worker skills (rather than substituting
for them), and ensures that
manufacturing jobs are good jobs?

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8. Are there useful models (at the
international, national, state and/or
local level) that should be expanded?
9. The current Strategy for American
Leadership in Advanced Manufacturing
(https://www.manufacturing.gov/news/
announcements/2018/10/strategyamerican-leadership-advancedmanufacturing) has three top-level
goals, each with objectives and
priorities: (1) Develop and transition
new manufacturing technologies; (2)
Educate, train, and connect the
manufacturing workforce; and (3)
Expand the capabilities of the domestic
manufacturing supply chains. Are these
goals appropriate for the next 4–5 years?
Are there additional top-level goals to
consider?
10. Is there any additional
information related to advanced
manufacturing in the United States, not
requested above, that you believe
should be considered?
Dated: September 30, 2021.
Stacy Murphy,
Operations Manager.
[FR Doc. 2021–21644 Filed 10–4–21; 8:45 am]
BILLING CODE 3270–FI–P

SECURITIES AND EXCHANGE
COMMISSION
[SEC File No. 270–237, OMB Control No.
3235–0226]

Submission for OMB Review;
Comment Request
Upon Written Request, Copies Available
From: Securities and Exchange
Commission, Office of FOIA Services,
100 F Street NE, Washington, DC
20549–2736
Extension:
Rule 10f–3

Notice is hereby given that, pursuant
to the Paperwork Reduction Act of 1995
(44 U.S.C. 3501–3520), the Securities
and Exchange Commission
(‘‘Commission’’) has submitted to the
Office of Management and Budget a
request for extension and approval of
the collections of information discussed
below.
Section 10(f) of the Investment
Company Act of 1940 (15 U.S.C. 80a)
(the ‘‘Act’’) prohibits a registered
investment company (‘‘fund’’) from
purchasing any security during an
underwriting or selling syndicate if the
fund has certain affiliated relationships
with a principal underwriter for the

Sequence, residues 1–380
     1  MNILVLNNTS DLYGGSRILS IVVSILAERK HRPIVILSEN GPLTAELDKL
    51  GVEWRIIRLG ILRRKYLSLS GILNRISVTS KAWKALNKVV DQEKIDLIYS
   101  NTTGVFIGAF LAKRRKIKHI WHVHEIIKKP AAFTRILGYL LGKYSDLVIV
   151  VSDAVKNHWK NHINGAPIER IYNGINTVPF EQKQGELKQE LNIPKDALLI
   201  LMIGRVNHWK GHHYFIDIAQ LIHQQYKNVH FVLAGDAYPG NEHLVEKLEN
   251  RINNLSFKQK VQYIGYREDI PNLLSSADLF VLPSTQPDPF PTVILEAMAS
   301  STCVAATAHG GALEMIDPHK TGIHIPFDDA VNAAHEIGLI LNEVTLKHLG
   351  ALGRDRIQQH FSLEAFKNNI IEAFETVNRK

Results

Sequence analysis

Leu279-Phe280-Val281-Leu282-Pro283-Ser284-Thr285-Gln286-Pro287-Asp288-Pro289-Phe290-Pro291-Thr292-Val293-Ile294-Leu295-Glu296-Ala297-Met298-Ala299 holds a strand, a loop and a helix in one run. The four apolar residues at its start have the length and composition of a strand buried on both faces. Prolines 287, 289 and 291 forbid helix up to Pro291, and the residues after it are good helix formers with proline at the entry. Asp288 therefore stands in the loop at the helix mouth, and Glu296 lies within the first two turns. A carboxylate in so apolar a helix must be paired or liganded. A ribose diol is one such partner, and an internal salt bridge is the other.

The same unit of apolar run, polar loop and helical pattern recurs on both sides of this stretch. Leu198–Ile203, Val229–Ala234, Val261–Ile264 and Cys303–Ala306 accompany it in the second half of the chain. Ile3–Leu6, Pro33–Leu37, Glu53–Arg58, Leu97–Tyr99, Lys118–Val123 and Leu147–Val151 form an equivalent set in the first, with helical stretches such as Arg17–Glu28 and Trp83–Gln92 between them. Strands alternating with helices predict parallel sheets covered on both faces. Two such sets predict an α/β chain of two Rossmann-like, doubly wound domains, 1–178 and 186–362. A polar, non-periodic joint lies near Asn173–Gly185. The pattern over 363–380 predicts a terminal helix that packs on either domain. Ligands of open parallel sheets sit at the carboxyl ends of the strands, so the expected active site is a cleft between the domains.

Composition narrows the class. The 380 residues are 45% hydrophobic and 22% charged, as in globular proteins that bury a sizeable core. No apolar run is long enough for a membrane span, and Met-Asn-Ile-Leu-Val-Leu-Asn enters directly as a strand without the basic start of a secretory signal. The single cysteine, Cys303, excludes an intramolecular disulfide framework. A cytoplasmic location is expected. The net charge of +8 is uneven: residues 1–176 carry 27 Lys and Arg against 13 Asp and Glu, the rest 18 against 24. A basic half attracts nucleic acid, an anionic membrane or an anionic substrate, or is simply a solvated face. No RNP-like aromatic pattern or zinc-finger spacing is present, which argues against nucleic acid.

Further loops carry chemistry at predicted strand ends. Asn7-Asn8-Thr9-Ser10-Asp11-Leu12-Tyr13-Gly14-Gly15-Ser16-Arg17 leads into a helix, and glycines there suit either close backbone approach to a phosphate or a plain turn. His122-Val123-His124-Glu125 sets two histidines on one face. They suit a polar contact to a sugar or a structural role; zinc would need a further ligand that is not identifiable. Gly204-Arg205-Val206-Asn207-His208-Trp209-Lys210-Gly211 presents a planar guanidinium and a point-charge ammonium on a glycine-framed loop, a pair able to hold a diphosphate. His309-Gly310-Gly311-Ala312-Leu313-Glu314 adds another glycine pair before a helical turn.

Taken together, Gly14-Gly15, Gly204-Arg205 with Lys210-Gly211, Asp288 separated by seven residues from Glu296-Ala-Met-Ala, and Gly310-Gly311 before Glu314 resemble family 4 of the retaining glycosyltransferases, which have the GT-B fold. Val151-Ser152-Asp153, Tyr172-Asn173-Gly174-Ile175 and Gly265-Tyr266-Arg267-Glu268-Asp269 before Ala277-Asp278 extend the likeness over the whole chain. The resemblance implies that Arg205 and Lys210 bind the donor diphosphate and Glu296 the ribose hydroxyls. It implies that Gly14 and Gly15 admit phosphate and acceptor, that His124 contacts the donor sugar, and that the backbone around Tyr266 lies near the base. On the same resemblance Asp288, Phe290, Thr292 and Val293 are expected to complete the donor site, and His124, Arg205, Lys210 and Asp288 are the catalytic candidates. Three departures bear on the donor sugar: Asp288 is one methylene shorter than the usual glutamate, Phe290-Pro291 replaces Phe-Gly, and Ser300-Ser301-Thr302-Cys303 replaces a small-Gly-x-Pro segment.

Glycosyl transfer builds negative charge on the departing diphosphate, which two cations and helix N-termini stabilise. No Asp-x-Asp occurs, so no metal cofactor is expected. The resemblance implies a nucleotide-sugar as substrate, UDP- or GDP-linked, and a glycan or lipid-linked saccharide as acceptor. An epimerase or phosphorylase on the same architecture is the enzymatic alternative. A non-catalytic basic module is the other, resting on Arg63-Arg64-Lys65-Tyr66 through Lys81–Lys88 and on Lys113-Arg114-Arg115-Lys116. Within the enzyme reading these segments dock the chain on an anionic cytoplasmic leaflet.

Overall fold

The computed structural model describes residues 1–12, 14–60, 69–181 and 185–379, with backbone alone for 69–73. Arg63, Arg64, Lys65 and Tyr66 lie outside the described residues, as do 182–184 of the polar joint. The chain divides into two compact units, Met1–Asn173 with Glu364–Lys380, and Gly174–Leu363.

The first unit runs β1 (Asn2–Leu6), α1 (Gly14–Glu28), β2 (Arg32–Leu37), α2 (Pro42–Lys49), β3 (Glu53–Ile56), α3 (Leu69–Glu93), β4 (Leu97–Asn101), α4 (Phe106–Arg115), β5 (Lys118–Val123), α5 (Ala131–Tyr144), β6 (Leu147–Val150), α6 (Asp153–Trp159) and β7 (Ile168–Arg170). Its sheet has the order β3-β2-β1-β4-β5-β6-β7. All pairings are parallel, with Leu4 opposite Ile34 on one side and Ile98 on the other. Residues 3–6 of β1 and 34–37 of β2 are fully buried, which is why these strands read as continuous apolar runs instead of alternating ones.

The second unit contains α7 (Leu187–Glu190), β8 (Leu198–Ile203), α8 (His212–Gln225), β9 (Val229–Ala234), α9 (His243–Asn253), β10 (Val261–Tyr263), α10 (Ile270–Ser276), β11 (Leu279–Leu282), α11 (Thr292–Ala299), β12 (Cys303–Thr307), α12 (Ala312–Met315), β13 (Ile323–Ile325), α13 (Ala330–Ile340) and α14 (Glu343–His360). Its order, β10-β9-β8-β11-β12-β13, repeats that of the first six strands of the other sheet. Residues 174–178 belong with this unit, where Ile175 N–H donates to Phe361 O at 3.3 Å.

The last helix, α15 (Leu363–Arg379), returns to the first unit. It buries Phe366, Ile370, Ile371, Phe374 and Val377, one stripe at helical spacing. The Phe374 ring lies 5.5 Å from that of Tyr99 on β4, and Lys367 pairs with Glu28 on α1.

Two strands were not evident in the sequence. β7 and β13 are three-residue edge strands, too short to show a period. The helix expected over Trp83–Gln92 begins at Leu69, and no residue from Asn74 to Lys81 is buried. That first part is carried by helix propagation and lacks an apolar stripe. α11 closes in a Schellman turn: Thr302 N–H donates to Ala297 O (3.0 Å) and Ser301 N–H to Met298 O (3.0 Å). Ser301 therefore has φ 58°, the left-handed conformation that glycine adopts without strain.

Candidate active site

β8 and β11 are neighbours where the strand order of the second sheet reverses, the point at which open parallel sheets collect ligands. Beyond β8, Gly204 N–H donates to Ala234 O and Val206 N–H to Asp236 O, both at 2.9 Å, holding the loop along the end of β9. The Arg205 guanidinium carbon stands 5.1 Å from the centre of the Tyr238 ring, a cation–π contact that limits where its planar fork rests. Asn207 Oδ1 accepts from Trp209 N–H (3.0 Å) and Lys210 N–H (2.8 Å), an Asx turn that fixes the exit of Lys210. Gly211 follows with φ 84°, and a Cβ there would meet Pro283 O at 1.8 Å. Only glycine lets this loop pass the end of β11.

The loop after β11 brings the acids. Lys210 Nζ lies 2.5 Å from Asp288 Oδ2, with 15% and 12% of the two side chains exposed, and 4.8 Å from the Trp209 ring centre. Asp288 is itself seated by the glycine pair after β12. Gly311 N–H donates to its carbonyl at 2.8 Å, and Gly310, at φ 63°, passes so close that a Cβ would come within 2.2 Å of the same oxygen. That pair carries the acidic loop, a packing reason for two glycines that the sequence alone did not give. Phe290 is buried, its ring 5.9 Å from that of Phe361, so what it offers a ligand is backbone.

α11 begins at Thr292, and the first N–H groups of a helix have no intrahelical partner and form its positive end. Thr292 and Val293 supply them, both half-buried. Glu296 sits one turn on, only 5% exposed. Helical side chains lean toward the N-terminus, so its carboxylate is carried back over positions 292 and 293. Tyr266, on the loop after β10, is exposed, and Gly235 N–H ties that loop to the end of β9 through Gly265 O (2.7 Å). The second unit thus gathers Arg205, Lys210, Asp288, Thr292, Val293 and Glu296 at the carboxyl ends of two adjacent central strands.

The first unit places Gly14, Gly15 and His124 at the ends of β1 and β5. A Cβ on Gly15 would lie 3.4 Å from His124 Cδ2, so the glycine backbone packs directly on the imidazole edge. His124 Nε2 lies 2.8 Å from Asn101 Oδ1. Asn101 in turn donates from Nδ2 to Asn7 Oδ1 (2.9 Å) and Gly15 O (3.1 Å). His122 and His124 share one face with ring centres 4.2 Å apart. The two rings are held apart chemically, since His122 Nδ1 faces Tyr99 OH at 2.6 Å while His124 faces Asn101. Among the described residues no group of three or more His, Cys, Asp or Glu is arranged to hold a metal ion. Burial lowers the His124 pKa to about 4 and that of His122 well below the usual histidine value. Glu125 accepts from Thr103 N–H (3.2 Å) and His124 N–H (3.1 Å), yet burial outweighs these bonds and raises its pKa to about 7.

security. Congress enacted this
provision in 1940 to protect funds and
their shareholders by preventing
underwriters from ‘‘dumping’’

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Federal Register / Vol. 86, No. 190 / Tuesday, October 5, 2021 / Notices

unmarketable securities on affiliated
funds.
Rule 10f–3 (17 CFR 270.10f–3) under
the Act permits a fund to engage in a
securities transaction that otherwise
would violate Section 10(f) if, among
other things: (i) The fund’s directors
have approved procedures for purchases
made in reliance on the rule, regularly
review fund purchases to determine
whether they comply with these
procedures, and approve necessary
changes to the procedures; and (ii) a
written record of each transaction
effected under the rule is maintained for
six years, the first two of which in an
easily accessible place. The written
record must state: (i) From whom the
securities were acquired; (ii) the identity
of the underwriting syndicate’s
members; (iii) the terms of the
transactions; and (iv) the information or
materials on which the fund’s board of
directors has determined that the
purchases were made in compliance
with procedures established by the
board.
Rule 10f–3 also conditionally allows
managed portions of fund portfolios to
purchase securities offered in otherwise
off-limits primary offerings. To qualify
for this exemption, Rule 10f–3 requires
that the subadviser that is advising the
purchaser be contractually prohibited
from providing investment advice to
any other portion of the fund’s portfolio
and consulting with any other of the
fund’s advisers that is a principal
underwriter or affiliated person of a
principal underwriter concerning the
fund’s securities transactions.
These requirements provide a
mechanism for fund boards to oversee
compliance with the rule. The required
recordkeeping facilitates the
Commission staff’s review of Rule 10f–
3 transactions during routine fund
inspections and, when necessary, in
connection with enforcement actions.
The staff estimates that approximately
953 funds engage in at least one Rule
10f–3 transaction each year, for a total
of 953 such transactions.1 Rule 10f–3
requires that the purchasing fund create
a written record of each transaction that
includes, among other things, from
whom the securities were purchased
and the terms of the transaction. The
staff estimates that it takes an average
fund approximately 30 minutes per
transaction and, in the aggregate,
approximately 477 hours 2 for funds to
comply with this portion of the rule.
1 These estimates are based on data from Form
N–CEN filings with the Commission.
2 This estimate is based on the following
calculation: (0.5 hours × 953 = 477 hours).

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The funds also must maintain and
preserve these transactional records in
accordance with the rule’s
recordkeeping requirement, and the staff
estimates that it takes a fund